The low Fat English Breakfast

Find out how to make a healthy and low fat Full English Breakfast – with a few simple adjustments

full-english-breakfastAhh, the full English breakfast, otherwise known as ‘The Fry Up’, it sounds about as healthy as it is.

Over the years it has grown quite a reputation for being, quite possibly, the unhealthiest meal you can eat. But it isn’t all bad, and there are ways that you can enjoy this decadent British staple without the guilt or worry.

As the professionals say, everything in moderation; we are not suggesting that you should be eating this on a regular basis but, as a treat from time to time, there is no reason that you can’t make a few moderations and make the most of a weekend morning.

The low-fat full english

To begin with, this is definitely a meal that should be eaten in the morning, or for brunch. Fans of the ‘Reverse Diet’ (a diet that consists of eating dinner for breakfast and breakfast for dinner) will tell you that your body will burn the fat more efficiently if it is consumed earlier in the day.

In the evenings we tend to relax a lot more before going to sleep, this means any calories we have eaten for dinner are not necessary being used to our advantage, and therefore, get stored as fat.

Apart from that, eating a good breakfast will provide your body with much needed energy to keep you going, as a result you will not feel the urge to snack, or get lethargic in the afternoon.


Ok, first things first, lets look at the most important element of the Full English…bacon.

Bacon, unfortunately, is a bit of bad guy in the dieting stakes. It is high in saturated fats and high in cholesterol. But you can’t have a Full English Breakfast without the bacon can you? Actually, you can.

Try switching to turkey rashers instead of bacon. They are much lower in fat, 0.4g per serving, as apposed to the bacon’s approx 4g of fat for two rashers. It is extremely tasty and delicious alternative.

If you really can’t bare to not have the real thing, simply cut all the fat (or rind) off the bacon rasher before grilling (as opposed to frying) and enjoy sparingly.


Secondly, the eggs…eggs are an excellent source of protein, and despite containing cholesterol, it is not from saturated fats (so it’s slightly better for you).

The problem with eggs comes from frying them in oil, which does contain saturated fats. Now, there are several ways you can overcome this; you can try scrambled eggs instead (and use skimmed milk inside of whole milk) or you can poach them in hot water, avoiding all the additional fats altogether.

Alternatively, if you just must have a fried egg, try using a teaspoon of rapeseed oil instead of other oils. It has half the saturated fat of sunflower oil (that’s a third of the saturated fat that’s in olive oil!), and is high in omega 3.


The beans…baked beans might seem like the healthiest bit of an English breakfast, but beware! The tomato sauce that they are covered in is high in high in sugar and sodium. Opt for the low-sugar, low salt varieties and stick to a tablespoon sized serving.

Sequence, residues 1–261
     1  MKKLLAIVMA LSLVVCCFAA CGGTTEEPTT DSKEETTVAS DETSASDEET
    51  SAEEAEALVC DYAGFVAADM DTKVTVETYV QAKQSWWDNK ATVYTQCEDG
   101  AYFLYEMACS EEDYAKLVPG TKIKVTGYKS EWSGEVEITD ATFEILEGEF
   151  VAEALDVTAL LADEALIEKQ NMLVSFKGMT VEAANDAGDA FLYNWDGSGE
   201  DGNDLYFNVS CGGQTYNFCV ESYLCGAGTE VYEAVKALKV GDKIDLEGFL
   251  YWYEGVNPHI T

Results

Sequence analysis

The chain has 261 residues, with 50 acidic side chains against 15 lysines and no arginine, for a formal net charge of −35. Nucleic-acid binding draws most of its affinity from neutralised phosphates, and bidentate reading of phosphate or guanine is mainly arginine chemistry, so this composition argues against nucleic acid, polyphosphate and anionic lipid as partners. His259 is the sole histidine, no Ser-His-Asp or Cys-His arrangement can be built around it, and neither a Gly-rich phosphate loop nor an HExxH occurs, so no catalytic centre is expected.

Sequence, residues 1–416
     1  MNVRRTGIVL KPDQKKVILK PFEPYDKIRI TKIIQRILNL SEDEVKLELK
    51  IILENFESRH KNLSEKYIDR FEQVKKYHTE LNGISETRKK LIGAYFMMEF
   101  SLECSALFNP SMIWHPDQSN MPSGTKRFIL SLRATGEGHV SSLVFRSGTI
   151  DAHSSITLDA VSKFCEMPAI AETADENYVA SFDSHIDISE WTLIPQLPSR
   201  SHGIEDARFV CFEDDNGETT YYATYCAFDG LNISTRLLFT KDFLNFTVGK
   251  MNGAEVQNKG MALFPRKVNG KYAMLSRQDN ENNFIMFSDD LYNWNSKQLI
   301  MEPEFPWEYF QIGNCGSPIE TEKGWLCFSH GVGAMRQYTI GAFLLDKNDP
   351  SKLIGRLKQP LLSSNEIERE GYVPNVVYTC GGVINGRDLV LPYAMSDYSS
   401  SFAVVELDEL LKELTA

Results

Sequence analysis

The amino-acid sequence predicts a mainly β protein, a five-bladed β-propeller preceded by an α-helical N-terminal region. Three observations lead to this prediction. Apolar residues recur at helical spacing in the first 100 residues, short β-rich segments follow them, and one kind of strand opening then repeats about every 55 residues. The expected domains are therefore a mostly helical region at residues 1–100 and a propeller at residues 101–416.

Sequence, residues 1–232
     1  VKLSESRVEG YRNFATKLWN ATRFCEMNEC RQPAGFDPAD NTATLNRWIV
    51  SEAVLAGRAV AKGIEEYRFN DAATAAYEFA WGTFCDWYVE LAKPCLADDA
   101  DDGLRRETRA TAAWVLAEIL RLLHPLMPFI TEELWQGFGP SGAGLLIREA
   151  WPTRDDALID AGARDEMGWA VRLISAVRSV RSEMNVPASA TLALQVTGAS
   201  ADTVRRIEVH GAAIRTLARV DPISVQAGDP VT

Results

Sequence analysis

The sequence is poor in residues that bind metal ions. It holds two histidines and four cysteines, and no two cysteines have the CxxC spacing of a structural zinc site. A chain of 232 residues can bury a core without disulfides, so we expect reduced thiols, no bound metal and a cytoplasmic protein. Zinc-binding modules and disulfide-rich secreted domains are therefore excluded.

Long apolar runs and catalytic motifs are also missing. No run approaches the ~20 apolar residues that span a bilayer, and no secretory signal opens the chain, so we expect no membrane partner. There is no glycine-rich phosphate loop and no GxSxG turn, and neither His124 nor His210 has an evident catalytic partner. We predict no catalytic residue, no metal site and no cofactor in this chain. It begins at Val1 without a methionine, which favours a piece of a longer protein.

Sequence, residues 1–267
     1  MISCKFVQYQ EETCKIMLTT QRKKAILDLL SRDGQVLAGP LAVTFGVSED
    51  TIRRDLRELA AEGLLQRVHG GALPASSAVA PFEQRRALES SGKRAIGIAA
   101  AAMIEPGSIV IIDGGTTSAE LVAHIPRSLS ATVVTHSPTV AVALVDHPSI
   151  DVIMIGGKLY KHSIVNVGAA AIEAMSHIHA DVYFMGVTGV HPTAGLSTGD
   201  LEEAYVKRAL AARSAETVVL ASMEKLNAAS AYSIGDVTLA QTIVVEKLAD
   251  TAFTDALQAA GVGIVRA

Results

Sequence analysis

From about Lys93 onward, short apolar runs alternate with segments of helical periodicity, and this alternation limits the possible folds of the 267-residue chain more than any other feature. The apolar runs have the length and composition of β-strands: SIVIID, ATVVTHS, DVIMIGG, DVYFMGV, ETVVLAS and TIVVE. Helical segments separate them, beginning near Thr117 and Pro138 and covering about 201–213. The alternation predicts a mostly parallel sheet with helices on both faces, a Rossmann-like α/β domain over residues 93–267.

The mushrooms and tomatoes in a Full English Breakfast are typically fried. I’m sure you see the difficulties with this if you are intending on cooking a yummy low fat version – the secret here is grilling.

Grilling is the best alternative to frying since there is no oil involved in the process and it will pretty much taste exactly the same. If you grill on a grill rack as well, much of the oil and fat contained in anything that you are cooking will drip onto the tray below (much like a certain ex-boxers famous kitchen appliance).


Toast…it goes without saying that, if you are going to enjoy bread with your breakfast, it should be toasted and not fried, but opt for one slice of wholegrain bread and low fat spread rather that white bread.

As someone who is wheat intolerant, giving up bread was the hardest part of my new diet. With a Full English Breakfast, I have potatoes instead. Boiled new potatoes are best, but sometimes that’s just not the same; in which case, hash browns are ok, if you bake them in the oven rather than shallow frying them.

So, lets take a look at the figures…(all figures are approximate)

Typical Full English Breakfast

Bacon (x2 rasher)                    152kcal
Egg (x 1 fried)                     92kcal
Baked beans (per 100g)                 151kcal
Fried Mushrooms (per 100g)            44kcal
Fried Tomatoes (per 100g)                59kcal
Fried White Bread (x1 slice)            141kcal
Or White Toast (x1 slice)                 87kcal

Total                        639kcal (or 585kcal with toast)

Healthier Option Full English Breakfast

Turkey Rashers (x2 rashers)            51kcal
Poached Egg (x1 egg)                70kcal
Or Scrambled Egg (x1 egg)            77kcal
Low sugar/sodium Baked Beans (per 100g)    70kcal
Grilled Mushrooms (per 100g)            35kcal
Grilled Tomatoes (per 100g)            20kcal
Brown Toast (x1 slice)                65kcal

Total                     311kcal (or 318kcal with scrambled egg)

That’s less than half the calorie count of a traditional Full English Breakfast! Go ahead and treat yourself, without the guilt.

Posted in Low Fat Recipes

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